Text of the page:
40th Anniversary of the Canonization of St. Elizabeth Ann Seton

We gather this afternoon with joy as a family of faith to celebrate the 40th anniversary of the canonization of Saint Elizabeth Ann Seton. Let me begin by offering my warm greetings and deep appreciation to the congregational leaders who form The Sisters of Charity Federation as we celebrate the Vincentian Charism of Charity reflected with such clarity and beauty in the life of St. Elizabeth Ann Seton. Beginning in the late 1940’s, your predecessors prayed and worked for Mother Seton’s canonization, a goal which you happily realized, and for the last four decades have worked together to strengthen your member congregations in carrying forward, amid the challenges and opportunities of the present day, the spiritual heritage of St. Vincent de Paul, St. Louise de Marillac, and, of course, St. Elizabeth Ann Seton.

I also greet most warmly the Vincentian priests who are concelebrating, as well as priests from Mt. St. Mary’s Seminary, so beloved by Mother Seton. In a special way, I greet the Daughters of Charity here in place you love so much, and with you, I greet the many religious women and men who are here; what beautiful way to observe the Year for Consecrated Life called by Pope Francis! So many members of the faithful are here from parishes near and far, together with my brother Knights of Columbus as well as many benefactors of the Seton Heritage Ministries. And, of course, I want to thank EWTN for broadcasting this Mass and in the same breath greet all those who are watching this Mass at home or on live streaming video … welcome!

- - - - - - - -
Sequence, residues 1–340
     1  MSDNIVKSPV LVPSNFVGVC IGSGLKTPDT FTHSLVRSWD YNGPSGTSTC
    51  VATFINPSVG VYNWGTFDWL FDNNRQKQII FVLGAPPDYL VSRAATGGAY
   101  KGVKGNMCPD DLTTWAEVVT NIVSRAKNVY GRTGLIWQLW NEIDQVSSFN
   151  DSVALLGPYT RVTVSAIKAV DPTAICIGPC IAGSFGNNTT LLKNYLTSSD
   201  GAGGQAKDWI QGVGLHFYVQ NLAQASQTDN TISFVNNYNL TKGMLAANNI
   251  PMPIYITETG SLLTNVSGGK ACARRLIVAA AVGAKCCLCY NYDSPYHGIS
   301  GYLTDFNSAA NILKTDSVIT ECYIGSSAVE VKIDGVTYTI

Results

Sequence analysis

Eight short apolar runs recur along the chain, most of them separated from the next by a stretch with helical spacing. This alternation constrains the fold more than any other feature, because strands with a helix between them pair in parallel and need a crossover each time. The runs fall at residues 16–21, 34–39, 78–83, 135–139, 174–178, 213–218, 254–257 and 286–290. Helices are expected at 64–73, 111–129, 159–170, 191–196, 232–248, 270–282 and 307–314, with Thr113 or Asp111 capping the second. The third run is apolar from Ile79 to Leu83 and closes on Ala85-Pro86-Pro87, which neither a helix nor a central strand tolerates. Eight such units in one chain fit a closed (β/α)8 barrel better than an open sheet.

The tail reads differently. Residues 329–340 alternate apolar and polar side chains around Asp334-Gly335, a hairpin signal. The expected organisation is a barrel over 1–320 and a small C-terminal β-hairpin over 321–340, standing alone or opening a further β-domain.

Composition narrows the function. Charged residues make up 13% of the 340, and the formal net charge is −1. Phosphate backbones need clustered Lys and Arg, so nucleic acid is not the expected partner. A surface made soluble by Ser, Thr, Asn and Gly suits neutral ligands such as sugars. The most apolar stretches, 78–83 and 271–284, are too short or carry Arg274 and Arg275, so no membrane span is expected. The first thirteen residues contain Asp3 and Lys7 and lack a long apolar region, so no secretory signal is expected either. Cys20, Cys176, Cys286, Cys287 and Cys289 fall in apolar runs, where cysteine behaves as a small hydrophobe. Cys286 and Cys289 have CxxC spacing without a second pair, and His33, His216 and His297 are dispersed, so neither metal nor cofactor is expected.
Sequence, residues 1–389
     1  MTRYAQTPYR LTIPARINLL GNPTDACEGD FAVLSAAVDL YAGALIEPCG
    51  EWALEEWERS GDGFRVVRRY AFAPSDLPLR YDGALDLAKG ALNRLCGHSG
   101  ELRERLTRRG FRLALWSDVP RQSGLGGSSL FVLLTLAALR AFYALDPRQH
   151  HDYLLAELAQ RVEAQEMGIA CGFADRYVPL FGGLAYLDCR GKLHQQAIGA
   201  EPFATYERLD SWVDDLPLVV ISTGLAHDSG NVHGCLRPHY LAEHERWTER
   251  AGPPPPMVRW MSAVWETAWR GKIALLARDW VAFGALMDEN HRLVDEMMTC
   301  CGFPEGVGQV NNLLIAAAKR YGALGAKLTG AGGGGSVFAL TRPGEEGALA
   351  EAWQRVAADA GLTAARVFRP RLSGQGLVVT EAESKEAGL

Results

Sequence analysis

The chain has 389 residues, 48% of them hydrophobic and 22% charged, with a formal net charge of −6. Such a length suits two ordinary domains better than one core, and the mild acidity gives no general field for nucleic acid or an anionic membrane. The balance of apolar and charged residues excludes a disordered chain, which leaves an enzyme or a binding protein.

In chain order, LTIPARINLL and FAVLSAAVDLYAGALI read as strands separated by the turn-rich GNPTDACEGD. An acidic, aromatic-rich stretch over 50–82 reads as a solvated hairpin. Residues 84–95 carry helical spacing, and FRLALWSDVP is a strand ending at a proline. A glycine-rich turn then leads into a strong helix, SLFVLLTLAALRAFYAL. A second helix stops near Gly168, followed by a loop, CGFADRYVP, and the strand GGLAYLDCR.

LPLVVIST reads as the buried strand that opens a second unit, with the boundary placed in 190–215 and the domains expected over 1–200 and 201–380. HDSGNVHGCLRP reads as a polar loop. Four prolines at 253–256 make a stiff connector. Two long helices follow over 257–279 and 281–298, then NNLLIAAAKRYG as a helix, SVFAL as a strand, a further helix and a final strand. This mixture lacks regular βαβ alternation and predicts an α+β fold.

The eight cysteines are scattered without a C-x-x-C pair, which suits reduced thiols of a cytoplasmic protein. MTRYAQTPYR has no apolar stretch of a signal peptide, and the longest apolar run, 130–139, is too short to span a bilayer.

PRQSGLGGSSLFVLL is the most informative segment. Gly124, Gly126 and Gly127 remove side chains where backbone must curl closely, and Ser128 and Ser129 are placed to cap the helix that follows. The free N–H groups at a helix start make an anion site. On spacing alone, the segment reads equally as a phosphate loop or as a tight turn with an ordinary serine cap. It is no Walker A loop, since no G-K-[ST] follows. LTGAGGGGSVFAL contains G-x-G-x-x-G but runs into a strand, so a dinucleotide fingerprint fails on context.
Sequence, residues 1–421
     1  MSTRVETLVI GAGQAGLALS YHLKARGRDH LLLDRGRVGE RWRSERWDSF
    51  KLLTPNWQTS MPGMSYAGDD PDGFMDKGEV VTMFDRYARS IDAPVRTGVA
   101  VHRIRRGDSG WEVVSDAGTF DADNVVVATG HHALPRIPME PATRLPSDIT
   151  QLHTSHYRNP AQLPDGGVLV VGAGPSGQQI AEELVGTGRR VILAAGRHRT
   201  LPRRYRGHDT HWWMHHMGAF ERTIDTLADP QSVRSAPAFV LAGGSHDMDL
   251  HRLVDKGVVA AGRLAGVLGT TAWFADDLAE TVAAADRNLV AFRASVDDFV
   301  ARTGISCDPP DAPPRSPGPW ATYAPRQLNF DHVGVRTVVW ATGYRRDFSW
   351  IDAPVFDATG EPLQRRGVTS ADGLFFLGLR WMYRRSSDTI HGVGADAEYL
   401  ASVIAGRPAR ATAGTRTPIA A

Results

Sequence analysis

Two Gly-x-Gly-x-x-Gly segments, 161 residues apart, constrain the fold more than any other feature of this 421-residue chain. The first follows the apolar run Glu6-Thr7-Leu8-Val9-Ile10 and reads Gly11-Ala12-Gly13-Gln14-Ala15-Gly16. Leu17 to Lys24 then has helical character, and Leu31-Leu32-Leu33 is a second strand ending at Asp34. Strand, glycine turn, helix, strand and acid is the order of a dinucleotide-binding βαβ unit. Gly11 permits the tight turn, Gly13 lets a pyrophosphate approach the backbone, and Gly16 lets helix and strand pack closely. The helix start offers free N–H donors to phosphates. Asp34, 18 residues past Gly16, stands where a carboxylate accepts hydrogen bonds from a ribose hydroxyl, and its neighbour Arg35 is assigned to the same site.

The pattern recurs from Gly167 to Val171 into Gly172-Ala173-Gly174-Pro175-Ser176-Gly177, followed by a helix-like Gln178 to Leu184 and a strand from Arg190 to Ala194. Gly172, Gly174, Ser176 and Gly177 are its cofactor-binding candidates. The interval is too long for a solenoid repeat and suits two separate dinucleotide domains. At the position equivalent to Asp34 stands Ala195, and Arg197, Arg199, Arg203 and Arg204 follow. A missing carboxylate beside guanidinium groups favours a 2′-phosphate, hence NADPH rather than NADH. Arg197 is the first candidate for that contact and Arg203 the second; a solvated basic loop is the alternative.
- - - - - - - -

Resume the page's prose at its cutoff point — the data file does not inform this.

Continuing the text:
Now, dear friends, let us place ourselves in God’s presence, and ask for the grace to offer these Sacred Mysteries worthily:

Let me begin on a personal note before we turn our attention to the light which today’s Scripture readings shed on St. Elizabeth Ann Seton. Some 40 years ago, I was a second theologian at Mt. St. Mary’s Seminary. I remember vividly September 14, 1975, really, as if it were yesterday. Seminarians were involved in helping with the large crowds & the many Masses that marked the celebration of Mother Seton’s canonization here in Emmitsburg. Looking back, I’m not sure we were all that much help to the Sisters but I do remember how happy we were that, for the first time, a citizen born in the United States was being canonized, a saint so closely associated also with our seminary. It is an excitement that has not diminished with the passage of years. We are here today and many others are watching on television & life streaming video, because the declaration of Bl. Pope Paul VI still rings in our ears: “St. Elizabeth Ann Seton is a saint!”

And, as it happens, today’s Scripture readings shed a lot of light on the life of this remarkable woman, this socially prominent wife and mother who would come to consecrate her whole life to God in the spirit of St. Vincent de Paul & St. Louise de Marillac: St. Elizabeth Ann Seton. Let us focus on three points from today’s Scripture in her regard: her witness to Christ our Savior; the Cross in her life; and her life of charity, and let’s begin with her witness to Jesus as the Christ.

Elizabeth Ann Seton’s Profession of Faith in Jesus as Messiah
In today’s Gospel from St. Mark, Jesus is starting out on his journey toward Jerusalem. Walking along with the Apostles, he asks them, “Who do people say that I am?” They proceed to give him a sampling of public opinion. Clearly, people had a high opinion of Jesus, but most everyone thought of him merely as a prophet who would prepare the way for the long-expected Messiah. Having heard from the pollsters, you can imagine Jesus stopping in his tracks to pose to his Apostles and to us the central question confronting every disciple: “But you,” he said to them, “who do you say that I am?”